6. Back To Top    #6
    Guest

    Re: Meter on auto fill

    Quote Originally Posted by ntrsandman
    I was not aware of an overflow for these units. So where does the "overflow" water go? My last pool had a float unit that when got stuck "on", the pool would over fill. Seems like added work to make an overflow drain to a sewer or to the yard. That would be nice for times of heavy rain. The auto fill on my current pool seems to be working properly. I usually remove the deck cover and check the valve and float operation when performing the weekly equipment inspection for any visual or audible problems.

    Like people that have Salt Chlorine generator systems for convenience, I like the convenience of the autofill.

    I found this meter: http://www.jerman.com/dljmeter.html , and figure this may work. Install in the water feed line to the autofill.
    I gotta laugh just a little! "I usually remove the deck cover and check the valve and float operation when performing the weekly equipment inspection for any visual or audible problems. I like the convenience of the autofill". That sounds like alot more work that turning on the hose to me I do more than my fair share of this type of rationalizing, so I really am laughing with you!

    The PB is supposed to tie the overflow line to a landscape drain. Sometimes they "forget". When they do tie it in, and the float sticks, is when you don't really know it is happening

    The way I look at it is like this: my toilet float sticks occasionally in my indoor, enclosed, covered-with-a-lid toilet! How would I expect the same unit not to stick outdoors, with dirt, leaves, dog hair, etc.? It's a great idea, just a bad application!

    I'm not sure that meter would fit in the autofill box! Do you have room back at the supply? How about an idea of how much water is going to the pool? Seems like you'd have to have a starting point to see if you are using more or less to really know if there is a leak or not (and don't forget to allow for hot weather versus cool/cold weather and evaporation rates!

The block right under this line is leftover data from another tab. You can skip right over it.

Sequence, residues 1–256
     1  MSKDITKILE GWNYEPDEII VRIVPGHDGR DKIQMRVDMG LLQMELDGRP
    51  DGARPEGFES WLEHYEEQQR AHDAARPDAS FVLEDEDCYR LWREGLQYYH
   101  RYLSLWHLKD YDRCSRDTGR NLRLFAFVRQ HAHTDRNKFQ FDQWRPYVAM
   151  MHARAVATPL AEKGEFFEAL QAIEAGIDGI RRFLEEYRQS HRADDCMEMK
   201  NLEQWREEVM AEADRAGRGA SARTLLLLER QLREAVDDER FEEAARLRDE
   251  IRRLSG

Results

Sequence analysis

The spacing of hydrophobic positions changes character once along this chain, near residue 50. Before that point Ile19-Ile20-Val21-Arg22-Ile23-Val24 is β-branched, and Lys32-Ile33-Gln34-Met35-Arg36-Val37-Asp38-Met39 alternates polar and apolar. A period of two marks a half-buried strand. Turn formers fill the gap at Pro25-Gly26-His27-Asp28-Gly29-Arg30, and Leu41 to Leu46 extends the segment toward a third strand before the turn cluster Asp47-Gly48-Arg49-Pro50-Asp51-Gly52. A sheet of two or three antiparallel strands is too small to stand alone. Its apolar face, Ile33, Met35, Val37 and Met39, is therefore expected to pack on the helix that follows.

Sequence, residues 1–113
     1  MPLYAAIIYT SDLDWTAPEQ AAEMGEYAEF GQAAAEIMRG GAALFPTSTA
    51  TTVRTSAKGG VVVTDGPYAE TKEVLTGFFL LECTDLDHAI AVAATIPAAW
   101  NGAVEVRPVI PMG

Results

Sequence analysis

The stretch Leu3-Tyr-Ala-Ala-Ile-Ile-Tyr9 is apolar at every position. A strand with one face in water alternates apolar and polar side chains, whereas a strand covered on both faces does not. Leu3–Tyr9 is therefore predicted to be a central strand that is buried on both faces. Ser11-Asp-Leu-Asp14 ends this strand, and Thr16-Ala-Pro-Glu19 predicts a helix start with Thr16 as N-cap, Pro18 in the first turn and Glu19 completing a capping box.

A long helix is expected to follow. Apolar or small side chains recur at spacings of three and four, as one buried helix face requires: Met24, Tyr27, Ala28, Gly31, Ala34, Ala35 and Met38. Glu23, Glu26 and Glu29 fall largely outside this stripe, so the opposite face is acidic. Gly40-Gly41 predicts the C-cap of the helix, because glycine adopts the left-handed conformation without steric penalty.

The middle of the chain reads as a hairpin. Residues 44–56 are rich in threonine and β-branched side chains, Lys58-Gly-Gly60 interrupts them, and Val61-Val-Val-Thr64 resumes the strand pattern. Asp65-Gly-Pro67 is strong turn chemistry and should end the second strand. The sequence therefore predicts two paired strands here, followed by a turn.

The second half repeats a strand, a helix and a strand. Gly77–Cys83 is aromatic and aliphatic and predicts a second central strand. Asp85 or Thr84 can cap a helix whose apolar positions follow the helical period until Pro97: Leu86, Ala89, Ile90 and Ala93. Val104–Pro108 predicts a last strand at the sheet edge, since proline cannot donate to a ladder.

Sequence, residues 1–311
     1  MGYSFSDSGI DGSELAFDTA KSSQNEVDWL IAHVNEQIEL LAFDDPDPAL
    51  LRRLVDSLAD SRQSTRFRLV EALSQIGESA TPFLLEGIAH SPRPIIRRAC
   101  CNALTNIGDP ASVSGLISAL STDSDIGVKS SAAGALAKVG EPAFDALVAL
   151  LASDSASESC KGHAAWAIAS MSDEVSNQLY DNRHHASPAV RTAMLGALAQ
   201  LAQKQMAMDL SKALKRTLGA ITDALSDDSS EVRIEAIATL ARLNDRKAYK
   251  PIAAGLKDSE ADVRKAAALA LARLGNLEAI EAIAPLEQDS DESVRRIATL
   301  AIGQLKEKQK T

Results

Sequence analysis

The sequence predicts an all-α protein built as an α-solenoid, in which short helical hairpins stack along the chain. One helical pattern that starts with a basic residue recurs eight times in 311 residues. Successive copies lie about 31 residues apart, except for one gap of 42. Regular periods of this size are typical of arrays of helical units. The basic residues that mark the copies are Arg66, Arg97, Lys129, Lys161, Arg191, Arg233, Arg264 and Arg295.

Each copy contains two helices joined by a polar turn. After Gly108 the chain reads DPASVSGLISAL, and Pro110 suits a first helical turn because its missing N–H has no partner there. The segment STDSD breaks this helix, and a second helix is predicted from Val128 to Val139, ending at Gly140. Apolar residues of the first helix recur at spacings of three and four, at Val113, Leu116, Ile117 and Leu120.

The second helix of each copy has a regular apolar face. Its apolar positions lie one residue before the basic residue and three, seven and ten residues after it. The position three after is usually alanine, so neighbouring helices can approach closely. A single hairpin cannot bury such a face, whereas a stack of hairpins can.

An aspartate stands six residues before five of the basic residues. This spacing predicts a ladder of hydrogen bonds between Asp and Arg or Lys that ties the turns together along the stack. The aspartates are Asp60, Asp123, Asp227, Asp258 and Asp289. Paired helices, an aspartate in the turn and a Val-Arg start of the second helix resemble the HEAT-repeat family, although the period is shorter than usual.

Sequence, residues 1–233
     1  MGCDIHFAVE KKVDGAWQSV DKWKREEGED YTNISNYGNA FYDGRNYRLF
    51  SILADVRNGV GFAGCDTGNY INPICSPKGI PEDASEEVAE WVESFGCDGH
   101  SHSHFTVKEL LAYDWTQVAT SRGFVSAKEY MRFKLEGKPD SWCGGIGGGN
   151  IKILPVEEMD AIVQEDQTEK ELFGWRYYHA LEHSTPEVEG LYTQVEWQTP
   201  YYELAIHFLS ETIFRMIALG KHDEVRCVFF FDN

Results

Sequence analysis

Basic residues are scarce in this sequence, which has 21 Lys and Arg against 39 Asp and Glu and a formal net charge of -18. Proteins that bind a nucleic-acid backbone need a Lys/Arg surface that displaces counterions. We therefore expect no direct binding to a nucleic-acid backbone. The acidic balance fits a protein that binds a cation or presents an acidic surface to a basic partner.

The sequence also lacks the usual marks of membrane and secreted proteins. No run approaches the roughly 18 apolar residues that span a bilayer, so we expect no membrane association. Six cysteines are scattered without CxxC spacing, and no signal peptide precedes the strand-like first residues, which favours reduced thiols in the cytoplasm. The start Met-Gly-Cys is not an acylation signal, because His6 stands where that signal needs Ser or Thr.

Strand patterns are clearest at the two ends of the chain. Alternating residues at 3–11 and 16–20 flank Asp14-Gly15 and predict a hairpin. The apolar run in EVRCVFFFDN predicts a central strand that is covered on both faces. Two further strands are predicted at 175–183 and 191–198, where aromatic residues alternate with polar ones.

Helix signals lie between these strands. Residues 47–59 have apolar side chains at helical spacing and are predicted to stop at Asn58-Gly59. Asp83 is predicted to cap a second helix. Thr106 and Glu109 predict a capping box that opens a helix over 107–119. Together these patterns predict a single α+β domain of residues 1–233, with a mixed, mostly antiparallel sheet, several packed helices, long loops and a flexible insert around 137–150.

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    Re: Meter on auto fill

    I suppose that spending less than 5 minutes a week (including a visual when testing water) inspecting the pool's pumps, filter, autofill, debris baskets, valves, etc for potential issues may be a lot harder than dragging the garden hose out to fill the pool and rolling it back up every day (summer) for some folks. But, to each his own.

    I also check the oil, trans fluid, p/s fluid, tire pressures, etc on my vehicles as well. They are used everyday like the pool equipment.

    But for some, out of sight, out of mind. Until something goes wrong. Then get frantic on a forum.

    Thanks for your input on the meter.
    16K gallon, Pebble tec, beach entry. Two 1 hp Pentair Whisperflos. One for Paramount MDX2 main drain, Paramount debris canister, and Pentair CCP 520 filter. One for skimmer w/sock and Paramount PCC2000 in floor cleaner. 3/4 hp Pentair Pinnacle for waterfall. Fiberstars fiber optic pool lighting. Aqua-Logic AQL-P-4 control panel with wired remote in the house. SWCG system that is not used. Ultra-Pure Ozonator that is not used.

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    mas985's Avatar
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    Re: Meter on auto fill

    Another method to determine water loss is to measure how much the water level has dropped over a course of a few days or week. With the autofill off, measure the water drop from a start level and if you know the area of the pool, you can easily calculate the volume of water lost by the drop in the water level.

    Water Loss (gallons) = Area (sq-ft) * Drop (in) / 12 * 7.48

    Doing this test every quarter will give you a pretty good idea of what you are losing over the course of the year.
    Mark